My mom always told me that Hasenheide was a dangerous place. And it can be. Like many parks in Berlin, there’s an active, obvious drug trade that’s only a little annoying by day, but a little frightening at night. (It’s kind of like taking candy from strangers, isn’t it?) So for a long time, I didn’t go there. It didn’t help, of course, that when I moved to Berlin, the nearest entrance to the Hasenheide was along a rather desolate stretch of street that made the park seem doubly foreboding. I lived in Berlin for two whole years before stepping foot inside the park, I tell Jordi, as we walk through it, and as someone offers to sell us pot.
Today is a rather grim day, the sun hiding behind rain-heavy clouds, though we’re just nearing lunch time, and even in winter Berlin, the sun hasn’t set yet. The sloping hills of Hasenheide and its hidden green inlets are visible between the stark trunks of stripped trees. We’ve cut through the park because it’s the fastest way to get from Soluna Brot und Öl in Kreuzberg, the last stop on our Berlin food tour, to Schiller Burger in Neukölln, the next. We’re finding the park surprisingly big, but also beautiful in its slick bleak wetness.
I’m thinking about how places become yours in cities, as we walk through a park that’s bordered two of my past neighborhoods without ever becoming mine. You discover some places by accident, others are recommended by friends. Some places you really like, you never return to. Others you didn’t feel much for at first, you find yourself in again and again.
Schiller Burger was a staple of my life in Neukölln, especially on lazy weekends, when David and I would interrupt a Fresh Prince of Bel-Air marathon only to walk up the hill from Rathaus Neukölln past Spätis and junk shops and old German dive bars with lace curtains on the windows like someone’s dark, faded living room. Our reward was a thick, juicy patty with cheese and lettuce and tomato and sometimes even avocado alongside sweet potato fries dipped in garlicky aioli. The burgers were always giant, and we’d limp home holding our bellies to finish watching whatever shenanigans Will and Carlton’s were up to next.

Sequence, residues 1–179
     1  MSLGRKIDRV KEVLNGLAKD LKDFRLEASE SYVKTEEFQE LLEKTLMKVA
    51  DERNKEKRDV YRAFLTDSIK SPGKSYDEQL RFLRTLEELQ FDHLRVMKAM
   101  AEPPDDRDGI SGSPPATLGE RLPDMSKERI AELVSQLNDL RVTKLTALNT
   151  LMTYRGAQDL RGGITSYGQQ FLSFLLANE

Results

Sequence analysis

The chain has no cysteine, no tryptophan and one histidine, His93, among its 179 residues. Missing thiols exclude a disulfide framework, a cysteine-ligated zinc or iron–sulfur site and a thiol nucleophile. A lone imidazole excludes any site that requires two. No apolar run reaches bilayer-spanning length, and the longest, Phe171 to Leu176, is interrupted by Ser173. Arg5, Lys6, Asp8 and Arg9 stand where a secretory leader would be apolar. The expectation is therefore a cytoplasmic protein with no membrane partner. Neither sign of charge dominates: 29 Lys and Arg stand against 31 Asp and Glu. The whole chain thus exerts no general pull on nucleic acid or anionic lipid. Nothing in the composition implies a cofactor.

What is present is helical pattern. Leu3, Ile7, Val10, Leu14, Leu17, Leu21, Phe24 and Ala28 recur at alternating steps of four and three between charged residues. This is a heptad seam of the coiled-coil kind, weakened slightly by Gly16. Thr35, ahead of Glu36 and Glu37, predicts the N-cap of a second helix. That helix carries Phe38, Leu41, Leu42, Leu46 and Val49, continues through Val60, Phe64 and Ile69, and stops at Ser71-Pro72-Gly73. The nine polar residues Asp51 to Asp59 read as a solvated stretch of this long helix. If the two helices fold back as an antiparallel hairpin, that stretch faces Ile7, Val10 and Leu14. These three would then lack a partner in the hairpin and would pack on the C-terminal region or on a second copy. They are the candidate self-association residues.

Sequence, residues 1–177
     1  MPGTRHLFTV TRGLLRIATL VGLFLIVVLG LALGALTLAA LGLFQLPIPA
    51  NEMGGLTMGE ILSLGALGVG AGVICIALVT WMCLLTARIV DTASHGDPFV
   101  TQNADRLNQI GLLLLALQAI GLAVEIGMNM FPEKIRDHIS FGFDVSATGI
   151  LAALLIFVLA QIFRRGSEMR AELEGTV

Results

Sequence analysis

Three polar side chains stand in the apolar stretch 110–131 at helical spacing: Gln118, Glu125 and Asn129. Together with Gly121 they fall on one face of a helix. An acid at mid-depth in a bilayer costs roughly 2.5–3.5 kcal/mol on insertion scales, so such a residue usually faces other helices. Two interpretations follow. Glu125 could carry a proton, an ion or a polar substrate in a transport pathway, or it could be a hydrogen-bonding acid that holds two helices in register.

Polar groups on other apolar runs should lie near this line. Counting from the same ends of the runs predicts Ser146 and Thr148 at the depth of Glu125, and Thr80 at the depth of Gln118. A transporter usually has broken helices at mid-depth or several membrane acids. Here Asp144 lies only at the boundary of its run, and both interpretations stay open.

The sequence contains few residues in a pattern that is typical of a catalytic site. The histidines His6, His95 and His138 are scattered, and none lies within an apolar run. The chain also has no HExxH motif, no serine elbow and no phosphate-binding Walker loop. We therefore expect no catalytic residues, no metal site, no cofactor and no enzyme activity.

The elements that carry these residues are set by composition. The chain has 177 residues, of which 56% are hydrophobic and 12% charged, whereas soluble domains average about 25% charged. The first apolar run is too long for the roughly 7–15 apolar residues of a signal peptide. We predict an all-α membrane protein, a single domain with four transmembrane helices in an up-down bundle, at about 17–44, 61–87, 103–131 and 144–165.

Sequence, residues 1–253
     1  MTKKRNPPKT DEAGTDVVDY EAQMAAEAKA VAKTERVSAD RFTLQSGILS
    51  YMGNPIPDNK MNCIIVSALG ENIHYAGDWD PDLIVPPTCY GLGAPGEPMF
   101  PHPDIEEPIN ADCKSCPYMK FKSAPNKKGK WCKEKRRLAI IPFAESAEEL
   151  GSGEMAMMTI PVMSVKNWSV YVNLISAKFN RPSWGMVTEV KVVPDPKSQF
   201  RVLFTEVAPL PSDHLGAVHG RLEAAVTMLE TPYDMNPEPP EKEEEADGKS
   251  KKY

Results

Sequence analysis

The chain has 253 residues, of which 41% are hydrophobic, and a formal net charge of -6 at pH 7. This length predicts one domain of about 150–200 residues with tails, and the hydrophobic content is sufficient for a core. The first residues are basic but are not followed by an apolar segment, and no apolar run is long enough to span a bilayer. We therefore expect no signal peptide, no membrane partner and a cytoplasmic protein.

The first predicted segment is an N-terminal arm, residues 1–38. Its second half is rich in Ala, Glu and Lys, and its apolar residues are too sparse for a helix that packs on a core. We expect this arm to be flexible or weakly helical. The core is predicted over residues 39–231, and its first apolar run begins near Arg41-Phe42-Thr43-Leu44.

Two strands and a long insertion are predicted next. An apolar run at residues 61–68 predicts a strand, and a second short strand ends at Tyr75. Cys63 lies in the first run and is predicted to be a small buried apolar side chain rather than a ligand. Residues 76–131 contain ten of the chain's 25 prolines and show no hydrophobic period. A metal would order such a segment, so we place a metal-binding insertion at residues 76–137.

Now, there’s a smorgasbord of burger places in Berlin, each with fancier toppings than the next. And though many of them are very good, for me, Schiller Burger will always be my place. It’s a party of my story.
So is Five Elephant, the first café I found in Berlin that reminded me of Brooklyn with its laptop-littered wooden tables, clean aesthetics and excellent coffee. Today, the laptops are relegated to a little corner, but it makes sense, considering how many people come to this small café to drink coffee with friends, read the paper – and especially eat the famous cheesecake.
David makes fun of me, because every time we walk along the canal with other people, I can’t resist the urge to encourage them to go try Five Elephant’s cheesecake. He says I say the same thing every time, in the same words. It’s like my mantra.
But if you’ve ever had that cheesecake, you know. It’s the best I’ve eaten anywhere in the world – including every single slice of cheesecake I gobbled up in New York. And so far, everyone I’ve taken there agrees.
The café is full when Jordi and I arrive, so we take advantage of the lull in the drizzly weather to sit outside with our coffee and cake. But the sun is stubbornly gone behind the clouds, and the wind is whisking colder over my cappuccino foam. I’m longing for summer.
In Berlin, summer is a place you own too. Every café inverts itself and spills out onto the sidewalk. The Landwehr Canal glints with sunshine broken by the swans’ graceful wake. Everyone is having a picnic. Everyone is a flaneur. Everyone is at an outdoor market. As long as it’s outside, everyone is there.
But today it’s still winter, and we’re getting tired. We gird our jackets and scarves close around our necks and keep walking north to finish up our day with dinner and whiskey. At the entrance to Görlizter Park, a man offers to sell us pot. We say no and push on through the bleak specter of the park that, in summer, hums with activity and energy. In winter, you take what you can get – a burger, a cheesecake, a hot, frothy espresso with steamed milk – but you never, never take candy from strangers.
This post is the second part in a three-part installment. Thanks to Jordi Garcia-Rodriguez of No Solo Travel Chronicles for his filmmaking skills. Read more about Jordi’s project here, and watch part 1 of Eating Berlin here.